Alberta Premier Jason Kenney to get his own radio show

Calgary

Alberta Premier Jason Kenney will debut a new call-in radio show this weekend. John Vos with Corus Entertainment told CBC News that the show was a long time coming and that they first approached Kenney with the idea in June 2020.

The radio show marks a break in the premier's recent mediums of communication, which have typically come in the form of social media videos or live streams(Larry MacDougal/The Canadian Press)

Alberta Premier Jason Kenney will debut a new call-in radio show this weekend.

The show will be broadcast in Calgary on 770 CHQR and in Edmonton on 630 CHED.

John Vos with Corus Entertainment told CBC News that the show was a long time coming, and that they first approached Kenney with the idea in June 2020.

"It was a function of making the elements come together," said Vos.

The program will continue to air up until the next provincial election, but will not continue through the campaign period. Vos also noted that they will revisit the show if Kenney loses leadership of the United Conservative Party in a vote set for April 9.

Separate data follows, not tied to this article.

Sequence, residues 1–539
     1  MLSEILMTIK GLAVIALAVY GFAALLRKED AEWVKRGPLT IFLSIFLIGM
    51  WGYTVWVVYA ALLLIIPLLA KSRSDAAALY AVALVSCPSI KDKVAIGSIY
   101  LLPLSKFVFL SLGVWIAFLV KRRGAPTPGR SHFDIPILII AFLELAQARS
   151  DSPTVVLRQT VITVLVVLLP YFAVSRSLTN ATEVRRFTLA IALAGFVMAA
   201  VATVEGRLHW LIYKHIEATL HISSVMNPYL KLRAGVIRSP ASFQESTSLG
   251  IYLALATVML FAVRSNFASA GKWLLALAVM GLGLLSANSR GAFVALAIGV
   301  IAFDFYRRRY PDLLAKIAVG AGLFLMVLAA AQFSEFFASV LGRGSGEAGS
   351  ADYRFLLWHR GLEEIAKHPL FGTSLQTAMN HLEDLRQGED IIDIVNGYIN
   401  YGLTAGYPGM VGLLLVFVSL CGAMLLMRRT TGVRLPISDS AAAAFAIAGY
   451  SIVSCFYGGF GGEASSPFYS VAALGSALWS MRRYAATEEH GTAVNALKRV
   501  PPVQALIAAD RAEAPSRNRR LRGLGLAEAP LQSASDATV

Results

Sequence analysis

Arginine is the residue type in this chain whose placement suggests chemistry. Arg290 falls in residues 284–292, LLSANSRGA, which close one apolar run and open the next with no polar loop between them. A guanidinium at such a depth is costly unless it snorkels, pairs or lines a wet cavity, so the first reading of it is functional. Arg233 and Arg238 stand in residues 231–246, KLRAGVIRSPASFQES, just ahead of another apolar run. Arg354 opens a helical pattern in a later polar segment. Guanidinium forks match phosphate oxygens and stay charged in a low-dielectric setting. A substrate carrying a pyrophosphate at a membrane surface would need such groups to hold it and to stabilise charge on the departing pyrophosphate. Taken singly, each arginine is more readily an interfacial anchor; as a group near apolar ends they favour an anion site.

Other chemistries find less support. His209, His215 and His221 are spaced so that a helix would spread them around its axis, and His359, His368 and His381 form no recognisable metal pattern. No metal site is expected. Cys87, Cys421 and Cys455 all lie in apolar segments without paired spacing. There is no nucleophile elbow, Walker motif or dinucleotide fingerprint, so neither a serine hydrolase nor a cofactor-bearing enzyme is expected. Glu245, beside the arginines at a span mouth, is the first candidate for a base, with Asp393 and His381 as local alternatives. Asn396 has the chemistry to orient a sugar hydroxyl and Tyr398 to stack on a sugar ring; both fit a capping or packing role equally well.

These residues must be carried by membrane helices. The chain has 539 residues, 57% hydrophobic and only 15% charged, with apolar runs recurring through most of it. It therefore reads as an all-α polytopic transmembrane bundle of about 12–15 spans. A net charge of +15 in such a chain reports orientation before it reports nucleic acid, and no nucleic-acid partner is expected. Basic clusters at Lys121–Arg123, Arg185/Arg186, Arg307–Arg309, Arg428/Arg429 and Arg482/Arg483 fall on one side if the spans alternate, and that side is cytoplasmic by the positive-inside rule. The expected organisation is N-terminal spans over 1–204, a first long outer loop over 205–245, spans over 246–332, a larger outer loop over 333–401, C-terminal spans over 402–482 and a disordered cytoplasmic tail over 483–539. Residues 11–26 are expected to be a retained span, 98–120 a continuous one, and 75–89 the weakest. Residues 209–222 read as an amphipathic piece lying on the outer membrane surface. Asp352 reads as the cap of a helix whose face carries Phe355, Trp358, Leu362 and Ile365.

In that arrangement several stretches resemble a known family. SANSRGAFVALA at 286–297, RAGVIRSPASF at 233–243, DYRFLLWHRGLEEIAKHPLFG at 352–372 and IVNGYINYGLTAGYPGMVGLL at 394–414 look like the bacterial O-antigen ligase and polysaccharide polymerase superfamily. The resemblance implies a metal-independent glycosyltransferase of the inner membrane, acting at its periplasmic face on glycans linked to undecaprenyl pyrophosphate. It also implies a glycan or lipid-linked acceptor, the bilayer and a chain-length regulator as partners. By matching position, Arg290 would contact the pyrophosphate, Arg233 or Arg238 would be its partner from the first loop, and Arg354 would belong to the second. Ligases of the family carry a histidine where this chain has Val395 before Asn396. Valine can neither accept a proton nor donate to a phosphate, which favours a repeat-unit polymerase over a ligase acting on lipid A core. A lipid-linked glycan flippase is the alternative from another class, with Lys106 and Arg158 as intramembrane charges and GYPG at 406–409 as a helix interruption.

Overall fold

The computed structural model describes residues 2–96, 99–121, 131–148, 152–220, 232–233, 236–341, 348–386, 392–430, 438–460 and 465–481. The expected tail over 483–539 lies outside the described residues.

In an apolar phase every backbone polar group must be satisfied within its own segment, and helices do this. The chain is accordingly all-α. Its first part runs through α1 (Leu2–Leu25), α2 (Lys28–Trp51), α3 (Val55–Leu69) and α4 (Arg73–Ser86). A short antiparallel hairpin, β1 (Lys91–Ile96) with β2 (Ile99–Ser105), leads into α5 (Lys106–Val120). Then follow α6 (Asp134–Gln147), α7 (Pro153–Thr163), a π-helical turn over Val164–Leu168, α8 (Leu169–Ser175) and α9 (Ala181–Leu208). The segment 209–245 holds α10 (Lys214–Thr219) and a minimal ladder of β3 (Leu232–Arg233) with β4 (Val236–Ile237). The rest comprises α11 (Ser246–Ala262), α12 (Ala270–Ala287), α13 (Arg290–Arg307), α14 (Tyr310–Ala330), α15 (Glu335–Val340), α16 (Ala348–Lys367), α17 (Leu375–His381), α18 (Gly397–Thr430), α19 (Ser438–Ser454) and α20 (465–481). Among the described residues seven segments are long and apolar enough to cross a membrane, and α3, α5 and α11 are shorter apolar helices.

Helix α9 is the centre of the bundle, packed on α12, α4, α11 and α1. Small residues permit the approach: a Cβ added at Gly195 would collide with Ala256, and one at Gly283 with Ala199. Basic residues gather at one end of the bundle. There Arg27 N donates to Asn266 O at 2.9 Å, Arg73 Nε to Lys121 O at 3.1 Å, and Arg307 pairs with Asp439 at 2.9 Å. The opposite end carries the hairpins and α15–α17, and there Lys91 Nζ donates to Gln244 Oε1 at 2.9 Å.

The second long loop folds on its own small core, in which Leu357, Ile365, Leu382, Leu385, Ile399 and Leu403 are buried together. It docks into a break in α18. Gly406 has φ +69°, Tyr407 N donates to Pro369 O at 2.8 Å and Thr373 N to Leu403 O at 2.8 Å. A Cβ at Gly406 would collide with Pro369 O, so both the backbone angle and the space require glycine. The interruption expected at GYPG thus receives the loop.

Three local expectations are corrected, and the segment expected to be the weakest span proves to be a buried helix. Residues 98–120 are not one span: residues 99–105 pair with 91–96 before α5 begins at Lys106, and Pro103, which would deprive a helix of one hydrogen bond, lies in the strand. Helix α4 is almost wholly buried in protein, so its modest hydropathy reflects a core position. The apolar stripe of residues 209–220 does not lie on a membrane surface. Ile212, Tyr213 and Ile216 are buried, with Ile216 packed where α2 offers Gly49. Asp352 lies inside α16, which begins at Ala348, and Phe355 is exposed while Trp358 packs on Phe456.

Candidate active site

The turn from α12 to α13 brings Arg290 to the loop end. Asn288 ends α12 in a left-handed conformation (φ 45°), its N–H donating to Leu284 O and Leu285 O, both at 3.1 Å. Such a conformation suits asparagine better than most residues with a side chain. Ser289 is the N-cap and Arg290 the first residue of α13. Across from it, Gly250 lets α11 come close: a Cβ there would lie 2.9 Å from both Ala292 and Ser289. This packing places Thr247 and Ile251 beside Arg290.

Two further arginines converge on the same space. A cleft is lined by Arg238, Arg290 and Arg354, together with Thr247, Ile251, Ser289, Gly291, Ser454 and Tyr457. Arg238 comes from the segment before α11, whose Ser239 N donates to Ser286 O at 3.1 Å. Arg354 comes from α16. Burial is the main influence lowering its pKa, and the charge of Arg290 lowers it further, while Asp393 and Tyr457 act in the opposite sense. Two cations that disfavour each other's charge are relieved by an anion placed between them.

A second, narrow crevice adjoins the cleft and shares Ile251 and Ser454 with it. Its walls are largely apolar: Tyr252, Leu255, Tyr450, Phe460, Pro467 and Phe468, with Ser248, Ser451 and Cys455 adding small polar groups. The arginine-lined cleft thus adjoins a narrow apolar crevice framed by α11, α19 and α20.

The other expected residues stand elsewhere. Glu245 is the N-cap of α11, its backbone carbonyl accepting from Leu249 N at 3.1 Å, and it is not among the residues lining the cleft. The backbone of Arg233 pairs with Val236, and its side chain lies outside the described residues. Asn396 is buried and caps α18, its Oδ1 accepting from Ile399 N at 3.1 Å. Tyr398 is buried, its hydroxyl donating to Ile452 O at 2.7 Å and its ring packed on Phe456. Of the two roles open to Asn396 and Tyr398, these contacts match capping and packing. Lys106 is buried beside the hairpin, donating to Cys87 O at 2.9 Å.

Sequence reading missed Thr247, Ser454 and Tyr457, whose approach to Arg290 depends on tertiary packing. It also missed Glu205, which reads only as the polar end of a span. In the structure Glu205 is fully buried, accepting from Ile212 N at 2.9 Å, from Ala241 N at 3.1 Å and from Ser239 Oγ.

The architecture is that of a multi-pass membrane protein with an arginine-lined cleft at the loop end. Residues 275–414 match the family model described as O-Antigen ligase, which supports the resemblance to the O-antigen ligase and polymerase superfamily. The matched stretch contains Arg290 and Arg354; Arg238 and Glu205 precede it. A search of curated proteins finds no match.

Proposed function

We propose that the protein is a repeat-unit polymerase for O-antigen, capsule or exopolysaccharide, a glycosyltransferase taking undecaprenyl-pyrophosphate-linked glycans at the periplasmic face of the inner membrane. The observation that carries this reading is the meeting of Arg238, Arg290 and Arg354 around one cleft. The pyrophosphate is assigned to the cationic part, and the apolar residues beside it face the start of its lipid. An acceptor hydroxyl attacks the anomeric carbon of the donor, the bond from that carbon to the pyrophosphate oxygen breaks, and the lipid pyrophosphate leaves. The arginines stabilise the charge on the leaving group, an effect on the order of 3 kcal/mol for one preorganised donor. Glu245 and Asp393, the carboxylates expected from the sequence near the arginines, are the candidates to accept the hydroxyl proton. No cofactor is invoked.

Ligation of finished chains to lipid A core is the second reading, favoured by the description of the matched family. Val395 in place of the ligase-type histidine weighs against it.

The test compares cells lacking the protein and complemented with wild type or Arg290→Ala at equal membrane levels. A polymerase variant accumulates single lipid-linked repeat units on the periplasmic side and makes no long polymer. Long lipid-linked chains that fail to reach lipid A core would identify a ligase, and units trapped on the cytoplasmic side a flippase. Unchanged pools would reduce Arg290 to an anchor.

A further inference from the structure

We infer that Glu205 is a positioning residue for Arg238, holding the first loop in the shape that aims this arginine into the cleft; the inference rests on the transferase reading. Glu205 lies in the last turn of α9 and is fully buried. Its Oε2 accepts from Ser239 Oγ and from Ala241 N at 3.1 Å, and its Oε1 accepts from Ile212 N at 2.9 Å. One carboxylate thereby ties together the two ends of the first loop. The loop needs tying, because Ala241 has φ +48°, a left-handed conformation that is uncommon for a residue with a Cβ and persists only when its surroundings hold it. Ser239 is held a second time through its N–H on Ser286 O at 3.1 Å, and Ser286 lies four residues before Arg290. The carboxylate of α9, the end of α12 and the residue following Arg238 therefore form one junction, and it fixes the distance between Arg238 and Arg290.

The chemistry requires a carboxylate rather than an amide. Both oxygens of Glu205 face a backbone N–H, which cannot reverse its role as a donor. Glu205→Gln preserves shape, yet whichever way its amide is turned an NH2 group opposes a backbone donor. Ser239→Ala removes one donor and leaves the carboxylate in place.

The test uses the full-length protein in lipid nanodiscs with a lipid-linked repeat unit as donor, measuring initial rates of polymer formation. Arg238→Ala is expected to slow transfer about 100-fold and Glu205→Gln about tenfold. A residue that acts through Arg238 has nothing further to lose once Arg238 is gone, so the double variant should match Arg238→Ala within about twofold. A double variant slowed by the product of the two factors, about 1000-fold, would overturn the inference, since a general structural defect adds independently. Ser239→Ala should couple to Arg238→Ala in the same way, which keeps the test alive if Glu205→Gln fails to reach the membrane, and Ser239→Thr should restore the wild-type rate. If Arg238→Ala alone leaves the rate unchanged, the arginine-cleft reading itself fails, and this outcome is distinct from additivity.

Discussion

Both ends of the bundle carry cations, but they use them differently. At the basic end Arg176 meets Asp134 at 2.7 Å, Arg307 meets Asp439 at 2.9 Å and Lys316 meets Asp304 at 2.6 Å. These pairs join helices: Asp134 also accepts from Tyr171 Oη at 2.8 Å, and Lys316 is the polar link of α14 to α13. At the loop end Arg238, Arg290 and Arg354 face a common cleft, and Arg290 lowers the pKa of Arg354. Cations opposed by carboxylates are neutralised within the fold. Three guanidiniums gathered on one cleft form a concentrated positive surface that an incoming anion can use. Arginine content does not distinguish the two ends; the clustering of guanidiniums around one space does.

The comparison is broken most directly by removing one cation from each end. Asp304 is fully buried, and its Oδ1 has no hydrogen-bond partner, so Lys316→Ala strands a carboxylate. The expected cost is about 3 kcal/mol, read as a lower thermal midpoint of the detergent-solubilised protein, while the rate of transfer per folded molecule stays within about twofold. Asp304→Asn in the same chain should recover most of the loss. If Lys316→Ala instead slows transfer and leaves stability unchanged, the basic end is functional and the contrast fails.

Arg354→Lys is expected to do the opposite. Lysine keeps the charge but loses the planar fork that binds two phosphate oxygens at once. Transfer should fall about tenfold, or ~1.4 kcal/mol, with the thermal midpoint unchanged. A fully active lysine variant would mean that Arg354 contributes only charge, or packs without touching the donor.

Duane Bratt, a political scientist with Mount Royal University, said he was surprised to hear about the show's launch.

"This is quite the development."

He questioned both Kenney and Corus Entertainment's motivation behind launching the show, and where funding for the segment will be coming from.

Corus Entertainment said the program will continue to air up until the next provincial election but will not continue through the campaign period. (Tijana Martin/Canadian Press)

Vos, with Corus Entertainment, told CBC News that the show was not 'paid-programming' and that no money had exchanged hands.

Bratt said it's difficult to view the premier's new call-in program as isolated from the leadership vote just around the corner.

"Everything that has occurred over the past several weeks you have to view with the lens of April 9. The budget, yesterday's announcement on the gas tax, rebates, you'll notice those all kick in on April 1."

The decision to go ahead with the show marks a break in the premier's recent mediums of communication, said Bratt, which have typically come in the form of social media videos or live streams.

While communication with the public is typically a good thing, said Bratt, he expressed concerns regarding the screening of the show, and what kinds of callers would make it to air.

"Are we talking about the premier of the province communicating with the people of the province, or is this a leader of a political party trying to defend his record in advance of a leadership review?"

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Credit belongs to : www.cbc.ca

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